All lambdas are closures (this may change), and closures are not plain functions. They can only be passed to functions which accept suitable generic parameters. This is because the closure lifetime has to be decided at compile time. Rust has to do a lot of things in somewhat painful ways because the underlying memory model is quite simple. This is one of those things which will confuse programmers coming from garbage-collected languages. Rust will catch their errors, and the compiler diagnostics are quite good. Rust may exceed the pain threshold of some programmers, though.

Despite the claims in the Rust pre-alpha announcement of lanaguage definition stability, the language changes enough every week or so to break existing programs. This is a classic Mozilla problem; that organization has a track record of deprecating old features in Firefox before the replacement new feature works properly.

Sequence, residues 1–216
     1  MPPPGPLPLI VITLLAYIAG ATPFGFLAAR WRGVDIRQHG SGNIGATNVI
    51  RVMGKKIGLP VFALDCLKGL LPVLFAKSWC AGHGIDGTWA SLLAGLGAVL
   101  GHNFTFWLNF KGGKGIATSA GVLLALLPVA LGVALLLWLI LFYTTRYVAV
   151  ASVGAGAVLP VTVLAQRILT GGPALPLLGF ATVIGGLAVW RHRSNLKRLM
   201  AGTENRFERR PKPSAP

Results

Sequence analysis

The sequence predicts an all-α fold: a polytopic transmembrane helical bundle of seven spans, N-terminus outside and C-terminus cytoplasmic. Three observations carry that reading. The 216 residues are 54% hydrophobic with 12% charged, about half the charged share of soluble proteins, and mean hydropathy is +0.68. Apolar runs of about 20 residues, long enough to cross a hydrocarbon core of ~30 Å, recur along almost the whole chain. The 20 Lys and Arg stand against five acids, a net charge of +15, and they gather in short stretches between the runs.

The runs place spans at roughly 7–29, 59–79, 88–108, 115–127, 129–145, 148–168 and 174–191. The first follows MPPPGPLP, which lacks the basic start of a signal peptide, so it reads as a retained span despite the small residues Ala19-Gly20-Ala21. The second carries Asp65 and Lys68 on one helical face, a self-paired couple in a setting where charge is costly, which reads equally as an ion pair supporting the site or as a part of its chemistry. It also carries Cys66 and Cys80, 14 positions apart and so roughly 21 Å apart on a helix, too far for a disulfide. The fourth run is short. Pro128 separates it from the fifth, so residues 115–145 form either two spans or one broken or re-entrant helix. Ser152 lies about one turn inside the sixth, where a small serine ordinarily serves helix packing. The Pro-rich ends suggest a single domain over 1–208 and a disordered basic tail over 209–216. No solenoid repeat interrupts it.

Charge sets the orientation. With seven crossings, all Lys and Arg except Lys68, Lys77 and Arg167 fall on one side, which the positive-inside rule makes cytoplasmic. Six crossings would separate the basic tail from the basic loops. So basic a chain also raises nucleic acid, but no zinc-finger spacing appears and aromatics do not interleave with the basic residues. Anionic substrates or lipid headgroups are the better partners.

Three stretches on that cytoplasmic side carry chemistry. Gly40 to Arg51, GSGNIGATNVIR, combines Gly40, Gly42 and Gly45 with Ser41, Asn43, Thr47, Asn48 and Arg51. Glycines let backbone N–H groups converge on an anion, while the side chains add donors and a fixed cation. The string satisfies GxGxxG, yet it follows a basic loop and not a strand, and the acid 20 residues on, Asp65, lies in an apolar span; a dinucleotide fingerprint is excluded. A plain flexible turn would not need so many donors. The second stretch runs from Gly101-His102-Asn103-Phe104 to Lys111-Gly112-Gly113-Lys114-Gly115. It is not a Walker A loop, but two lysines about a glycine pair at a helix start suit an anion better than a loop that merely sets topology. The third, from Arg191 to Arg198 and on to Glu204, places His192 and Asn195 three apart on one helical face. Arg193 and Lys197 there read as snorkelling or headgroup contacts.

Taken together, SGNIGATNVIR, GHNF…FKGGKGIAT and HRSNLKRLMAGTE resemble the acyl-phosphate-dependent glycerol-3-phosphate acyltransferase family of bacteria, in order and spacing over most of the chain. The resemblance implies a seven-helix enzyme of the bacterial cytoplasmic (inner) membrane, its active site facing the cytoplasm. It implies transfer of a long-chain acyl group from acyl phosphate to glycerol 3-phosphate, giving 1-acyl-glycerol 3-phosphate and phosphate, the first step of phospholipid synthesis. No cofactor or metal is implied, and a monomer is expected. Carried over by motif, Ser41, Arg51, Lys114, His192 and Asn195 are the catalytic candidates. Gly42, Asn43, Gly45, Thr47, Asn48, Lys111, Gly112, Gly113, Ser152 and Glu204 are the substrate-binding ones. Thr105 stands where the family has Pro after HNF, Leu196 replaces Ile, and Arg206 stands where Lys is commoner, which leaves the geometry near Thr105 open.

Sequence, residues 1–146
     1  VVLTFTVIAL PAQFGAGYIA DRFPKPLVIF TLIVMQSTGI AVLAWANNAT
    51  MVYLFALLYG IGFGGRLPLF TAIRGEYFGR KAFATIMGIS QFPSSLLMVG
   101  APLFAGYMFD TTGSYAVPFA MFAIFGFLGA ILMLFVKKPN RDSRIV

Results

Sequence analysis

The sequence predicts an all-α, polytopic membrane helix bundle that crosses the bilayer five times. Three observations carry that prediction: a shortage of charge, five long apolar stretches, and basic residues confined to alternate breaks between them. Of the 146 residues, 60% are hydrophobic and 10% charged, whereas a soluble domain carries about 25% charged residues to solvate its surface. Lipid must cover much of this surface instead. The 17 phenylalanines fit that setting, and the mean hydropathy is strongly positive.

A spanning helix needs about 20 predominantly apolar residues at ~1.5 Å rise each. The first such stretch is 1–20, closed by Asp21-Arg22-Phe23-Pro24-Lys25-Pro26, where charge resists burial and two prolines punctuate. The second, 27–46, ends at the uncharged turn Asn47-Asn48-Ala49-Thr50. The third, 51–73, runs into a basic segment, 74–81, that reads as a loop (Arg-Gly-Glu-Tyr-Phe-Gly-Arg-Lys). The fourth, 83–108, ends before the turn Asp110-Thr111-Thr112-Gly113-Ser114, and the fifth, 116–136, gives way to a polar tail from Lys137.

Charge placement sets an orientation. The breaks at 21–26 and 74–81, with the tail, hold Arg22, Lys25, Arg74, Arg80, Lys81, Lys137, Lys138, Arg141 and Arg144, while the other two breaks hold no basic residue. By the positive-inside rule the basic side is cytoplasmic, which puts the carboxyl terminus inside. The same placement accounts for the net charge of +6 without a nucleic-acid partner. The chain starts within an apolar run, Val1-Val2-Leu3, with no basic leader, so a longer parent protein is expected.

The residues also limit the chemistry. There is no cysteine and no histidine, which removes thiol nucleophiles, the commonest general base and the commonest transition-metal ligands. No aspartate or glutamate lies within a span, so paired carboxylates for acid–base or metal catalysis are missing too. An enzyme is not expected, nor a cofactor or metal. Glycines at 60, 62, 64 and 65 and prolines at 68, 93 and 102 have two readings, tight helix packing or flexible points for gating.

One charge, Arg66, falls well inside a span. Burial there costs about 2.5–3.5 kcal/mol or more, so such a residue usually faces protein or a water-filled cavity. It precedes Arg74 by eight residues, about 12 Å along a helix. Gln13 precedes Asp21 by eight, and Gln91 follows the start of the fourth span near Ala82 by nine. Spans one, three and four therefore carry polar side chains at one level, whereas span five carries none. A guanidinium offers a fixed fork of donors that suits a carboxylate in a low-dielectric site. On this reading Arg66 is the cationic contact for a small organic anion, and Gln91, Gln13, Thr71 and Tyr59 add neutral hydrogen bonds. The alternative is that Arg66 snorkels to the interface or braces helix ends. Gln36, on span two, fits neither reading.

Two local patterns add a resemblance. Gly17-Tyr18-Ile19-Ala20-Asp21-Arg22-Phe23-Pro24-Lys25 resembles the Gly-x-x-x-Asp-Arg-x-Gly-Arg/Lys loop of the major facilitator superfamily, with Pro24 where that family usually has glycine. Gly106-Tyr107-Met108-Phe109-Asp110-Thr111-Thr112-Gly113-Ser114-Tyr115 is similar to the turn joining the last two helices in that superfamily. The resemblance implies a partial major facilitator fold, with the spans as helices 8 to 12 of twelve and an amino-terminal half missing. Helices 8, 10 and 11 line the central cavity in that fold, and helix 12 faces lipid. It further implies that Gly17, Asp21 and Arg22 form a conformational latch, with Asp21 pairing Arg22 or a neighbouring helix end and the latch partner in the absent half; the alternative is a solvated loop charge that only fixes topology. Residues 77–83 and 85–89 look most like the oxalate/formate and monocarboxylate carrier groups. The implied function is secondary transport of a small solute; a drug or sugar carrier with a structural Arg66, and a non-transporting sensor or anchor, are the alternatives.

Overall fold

Despite all this, Rust is going to be a very important language, because it solves the three big problems of C/C++ that causes crashes and buffer overflows. The three big problems in C/C++ memory management are "How big is it?", "Who owns and deletes it?", and "Who locks it?". C/C++ deals with none of those problems effectively. Rust deals with all of them, without introducing garbage collection or extensive run-time processing. This is a significant advance.

I just hope the Rust crowd doesn't screw up. We need a language like this.